The Pelicans are stuck. They have nothing outside of Davis who holds value. Boogie holds little value in the league, as his contract is nearly expired and teams won’t want to overpay on a player whom has perennially underachieved dating back to his college days at Kentucky. Plus his attitude problem has turned a lot of people against him. Jrue Holiday is a solid guard but he might not be there once free agency begins. They already traded for Boogie Cousins, and if Holiday leaves and all they have is Boogie and AD that situation is dire. Davis won’t want to play where he cannot contend for a title. Danny Ainge would have 9 first round picks in this scenario. Offer up whatever it takes. 4 First rounders, Crowder, Rubio and Bradley. Sell the farm. Never has a team been more loaded with assets and never has the NBA been dominated by super teams as it is today. The Celtics could then start; Smart, Jaylen Brown, Hayward, Davis and Horford. Horford could guard the post, where he has proven to be very solid, and allow Davis to play on the perimeter to preserve his body. Brown and Smart haven’t shown the ability to be able to consistently hit from the outside but Brad Stevens is a smart coach and they have shooting from the small forward up. Smart and Brown have both shown the ability to post up smaller players allowing for an inside-out game to arise. This would be an elite defensive unit with the ability to switch every pick and roll. The Pelicans would get their shot at rebuilding through the draft and being able to stay competitive with the doggedness of Rubio, Bradley and Crowder. The 2018 NBA draft appears to have prospects considered to be franchise altering, Michael Porter Jr and Luka Doncic, so give the Pelicans their shot at rebuilding and land yourself the ultimate superstar. With little outside of Davis on the roster, the Pelicans need to take as many shots as possible to become a deeper team and plan for the realistic scenario that Davis will leave once his contract ends. They could do what Utah did with Deron Williams, trade an obviously disgruntled superstar for maximum return. They should maximize their return. Davis is 24 and under contract until 2021 when he will turn only 28. He matches up with Brown, Smart as well as any first round picks they keep. Hayward wouldn’t be asked to carry the load and Smart can play lock down defence. Plus, Jaylen Brown lost no supporters when he went at Lebron in the Eastern Conference Finals. These Celtics could then compete with the Warriors. They have positional versatility, a strong defence, interior presence on both ends of the floor and a superstar who is a nightmare match up. This wouldn’t guarantee a win for the Celtics but this would put them in arguably the best possible position to challenge. They would also be set up for a few more years. This has been a decade in the making for the Celtics. Davis is a franchise altering piece, a generational talent who is just two years removed from putting up on of the greatest seasons ever for a 22-year-old. He hasn’t even reached his prime.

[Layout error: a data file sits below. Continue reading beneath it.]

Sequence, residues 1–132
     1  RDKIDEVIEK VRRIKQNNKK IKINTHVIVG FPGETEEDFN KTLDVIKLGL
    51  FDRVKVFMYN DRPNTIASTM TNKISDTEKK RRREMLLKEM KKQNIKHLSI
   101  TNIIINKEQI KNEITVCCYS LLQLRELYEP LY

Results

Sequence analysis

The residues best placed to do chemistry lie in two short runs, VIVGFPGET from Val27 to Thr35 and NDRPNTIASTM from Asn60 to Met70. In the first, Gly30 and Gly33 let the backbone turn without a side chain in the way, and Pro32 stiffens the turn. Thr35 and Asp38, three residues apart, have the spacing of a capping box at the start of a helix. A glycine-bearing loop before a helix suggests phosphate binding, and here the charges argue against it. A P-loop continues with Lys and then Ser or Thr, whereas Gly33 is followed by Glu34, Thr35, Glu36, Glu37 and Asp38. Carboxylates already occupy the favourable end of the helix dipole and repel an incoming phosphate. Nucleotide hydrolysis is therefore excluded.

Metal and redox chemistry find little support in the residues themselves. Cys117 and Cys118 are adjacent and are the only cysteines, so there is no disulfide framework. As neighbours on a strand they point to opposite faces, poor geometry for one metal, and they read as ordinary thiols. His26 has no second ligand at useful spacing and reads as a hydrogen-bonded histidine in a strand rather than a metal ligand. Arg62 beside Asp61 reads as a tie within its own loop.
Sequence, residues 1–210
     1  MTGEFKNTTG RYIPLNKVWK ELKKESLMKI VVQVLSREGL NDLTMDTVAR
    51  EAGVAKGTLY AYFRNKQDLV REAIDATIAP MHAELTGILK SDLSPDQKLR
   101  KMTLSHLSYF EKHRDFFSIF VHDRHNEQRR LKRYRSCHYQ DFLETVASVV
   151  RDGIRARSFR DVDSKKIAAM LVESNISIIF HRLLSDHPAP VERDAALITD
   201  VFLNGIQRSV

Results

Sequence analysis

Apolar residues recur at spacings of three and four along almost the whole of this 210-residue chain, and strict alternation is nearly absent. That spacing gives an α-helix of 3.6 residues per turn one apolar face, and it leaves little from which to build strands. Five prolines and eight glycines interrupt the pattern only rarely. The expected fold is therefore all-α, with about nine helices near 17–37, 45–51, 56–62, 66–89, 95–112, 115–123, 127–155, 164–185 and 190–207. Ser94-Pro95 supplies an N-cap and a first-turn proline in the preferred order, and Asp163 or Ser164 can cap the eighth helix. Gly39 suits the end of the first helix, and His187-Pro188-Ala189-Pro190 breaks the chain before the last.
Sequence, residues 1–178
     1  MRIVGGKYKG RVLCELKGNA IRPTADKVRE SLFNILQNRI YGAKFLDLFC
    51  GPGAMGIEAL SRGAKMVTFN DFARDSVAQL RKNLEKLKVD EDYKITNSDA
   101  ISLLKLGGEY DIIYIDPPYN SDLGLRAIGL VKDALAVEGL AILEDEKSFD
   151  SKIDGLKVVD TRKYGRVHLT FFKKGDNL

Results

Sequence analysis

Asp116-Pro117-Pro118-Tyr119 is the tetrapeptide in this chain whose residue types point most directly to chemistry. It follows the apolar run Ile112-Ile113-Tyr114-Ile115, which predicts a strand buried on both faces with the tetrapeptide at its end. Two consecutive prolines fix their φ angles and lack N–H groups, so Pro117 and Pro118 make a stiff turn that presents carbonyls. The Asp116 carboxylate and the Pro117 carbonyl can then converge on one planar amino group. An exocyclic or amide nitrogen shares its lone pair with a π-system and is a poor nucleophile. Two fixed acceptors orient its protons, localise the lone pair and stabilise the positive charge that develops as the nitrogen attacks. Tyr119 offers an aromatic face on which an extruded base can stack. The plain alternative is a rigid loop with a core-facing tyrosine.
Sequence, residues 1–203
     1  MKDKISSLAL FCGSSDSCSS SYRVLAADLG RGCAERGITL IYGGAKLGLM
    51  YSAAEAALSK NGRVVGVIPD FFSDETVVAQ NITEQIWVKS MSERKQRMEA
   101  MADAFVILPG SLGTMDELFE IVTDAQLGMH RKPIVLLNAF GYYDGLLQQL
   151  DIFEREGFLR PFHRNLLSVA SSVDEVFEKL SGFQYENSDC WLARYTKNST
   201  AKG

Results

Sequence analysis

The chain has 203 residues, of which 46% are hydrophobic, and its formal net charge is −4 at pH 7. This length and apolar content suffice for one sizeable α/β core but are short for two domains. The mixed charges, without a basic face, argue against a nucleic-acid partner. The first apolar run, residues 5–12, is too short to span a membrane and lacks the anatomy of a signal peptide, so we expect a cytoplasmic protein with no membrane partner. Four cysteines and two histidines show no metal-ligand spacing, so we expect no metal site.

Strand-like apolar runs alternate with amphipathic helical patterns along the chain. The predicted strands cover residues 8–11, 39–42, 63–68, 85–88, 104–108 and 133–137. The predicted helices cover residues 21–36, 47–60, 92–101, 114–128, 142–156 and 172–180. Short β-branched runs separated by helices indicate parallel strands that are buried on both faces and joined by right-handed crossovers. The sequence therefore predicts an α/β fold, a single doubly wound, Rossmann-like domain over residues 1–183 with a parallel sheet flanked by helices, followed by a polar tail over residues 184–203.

Nobody knew that when Harden was traded from OKC. after losing to Lebron, that fast forward 5 years and Durant would win his maiden title in Golden State beating Lebron. Little did we know that Paul Pierce would not finish his career as a one club player instead being involved in the greatest trade heist of all following the Big 3's elimination in the playoffs by Lebron. Who thought that nearly 5 years later Anthony Davis could potentially be wearing Celtic green and challenging. Golden State led by Kevin Durant, Hardens former teammate. From little things big things grow.